Travel nursing can be as equally daunting as it is exciting. There is a sea of information that can make it overwhelming to even know where to start. Preparation requires choosing the right company and location, gathering of documents, tying loose ends at home, packing, and sometimes long travel. Here are a few tips to help you navigate the water your first time.
Start networking as early as you begin even entertaining the idea of travel. Talk with coworkers that have traveled. There are tons of online forums for travel nurses that will give you up to date tips on the best companies, recommended recruiters, and ways to save money. The travel community is a super supportive and sharing community.
Compile a Travel Wish List
Jot down all your wishes for your travel experience. Do you want housing or the stipend? Do you have a specific city in mind? Specific hospital? Is location a huge factor? Include a list of non-negotiables, and those that you are more flexible on. Prioritize the wishes in order of importance as you may not get everything you want. Your list will guide you when the time comes for contract negotiations.
Find the right company
This can be the most challenging part. Use your network. Ask around. While each company tries to offer as much as the other, follow your instincts. If it feels right and the company fulfills the must haves on your wish list, give it a try. You may read both praise and nightmare reviews of the same company. Remember, your experience will be your own. Try not to take reviews to heart.
Find the Right Recruiter
This is critical. A good recruiter will bend over backward to help you adjust in your new surroundings and hospital. There are some truly passionate recruiters out there that love what they do and it shows in prompt responses and results. If a recruiter seems in a hurry or pushy, ask for another until you find a good fit. It’s like finding the perfect stylist. There’s a recruiter for everyone.
Each state has a different time frame for obtaining licensure. Some states are walk through states. These are the states that issue immediate temporary licensure to get you working asap. There are also states that are called compact states meaning if you are licensed in a state that belongs to a compact state union, you can work in any other states that belong to the union. Some states do not fall under compact or walk through and can take weeks, even months to process. Plan ahead. Click here for your state by state guide. It is best to check directly with the state you plan to travel to directly.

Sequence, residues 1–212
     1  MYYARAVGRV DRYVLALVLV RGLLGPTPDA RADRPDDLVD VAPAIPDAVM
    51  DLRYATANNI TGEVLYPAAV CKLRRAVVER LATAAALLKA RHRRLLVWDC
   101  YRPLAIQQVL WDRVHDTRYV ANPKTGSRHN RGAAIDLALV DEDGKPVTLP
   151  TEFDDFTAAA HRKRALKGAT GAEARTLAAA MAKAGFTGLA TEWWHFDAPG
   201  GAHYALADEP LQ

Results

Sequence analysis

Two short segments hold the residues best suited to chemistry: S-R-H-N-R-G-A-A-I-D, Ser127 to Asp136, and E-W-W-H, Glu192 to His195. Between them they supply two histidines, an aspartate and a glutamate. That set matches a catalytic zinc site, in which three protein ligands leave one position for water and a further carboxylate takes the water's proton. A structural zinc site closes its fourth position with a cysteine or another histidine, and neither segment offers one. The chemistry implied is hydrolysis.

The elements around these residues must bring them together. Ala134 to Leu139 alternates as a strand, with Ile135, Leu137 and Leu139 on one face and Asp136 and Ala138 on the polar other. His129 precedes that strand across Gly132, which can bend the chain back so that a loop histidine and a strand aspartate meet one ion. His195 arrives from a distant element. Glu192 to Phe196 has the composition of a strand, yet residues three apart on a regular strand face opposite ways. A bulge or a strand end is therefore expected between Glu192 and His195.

Be sure all your necessary certifications are up to date. I think this is a given, but a good reminder. You don’t want an expired BLS or ACLS to keep you from your start date.
Get it in Writing
Everything is negotiable – the pay, your reimbursements, vacation time. You need that weekend for your family reunion? A planned vacation? Get it in writing. Most hospitals are willing to work with you out of sheer desperation for your presence, but be sure to get it in writing. If floating to areas outside of your expertise is a deal breaker for you, get it in the contract that you will not float to said areas. Be sure to read your contract thoroughly before signing. Sometimes some of the verbal agreements you may have made with your recruiter do not make it to paper. It can be an honest mistake, but if it is not in writing, you have no leverage.
Know your Rights
Will you be required to float to another unit, and if so, within your specialty? What happens if you refuse? What if you have to break your contract? What happens if the hospital releases your contract? Are you liable to pay a penalty or housing fees?
Traveling with Pets?
Find a pet friendly agency. Be sure the company you choose offers housing options that are pet friendly. What is the deposit requirement? Does the company help with the cost?
How much does the company offer? Most companies will pay a portion of your flight or mileage if you are driving. Get it all in writing.
Research the Hospital
Is it a travel friendly hospital or are there multiple complaints of poor reception and/or treatment of travelers? Is there something particularly interesting about the hospital you are considering? Are they at the forefront of research in your specialty?
When the time finally comes, try to pack minimally. You will thank me in the end. Do you really need every piece of clothing in your closet? If you have never worn it, leave it behind. Pack according to the environment you will call home for the duration of your contract. If you are traveling to San Diego, the weather is consistently warm. No need for those winter boots. If you are heading to San Francisco, be mindful of their cooler summers. While the climate is fairly consistent, it is a cooler climate. Have a light jacket, jeans, and warm shoes with you. Wait to buy your necessary cleaning items, and food until you arrive in your new city. Use this time to explore your new surroundings. Try living minimally. It might just change your life.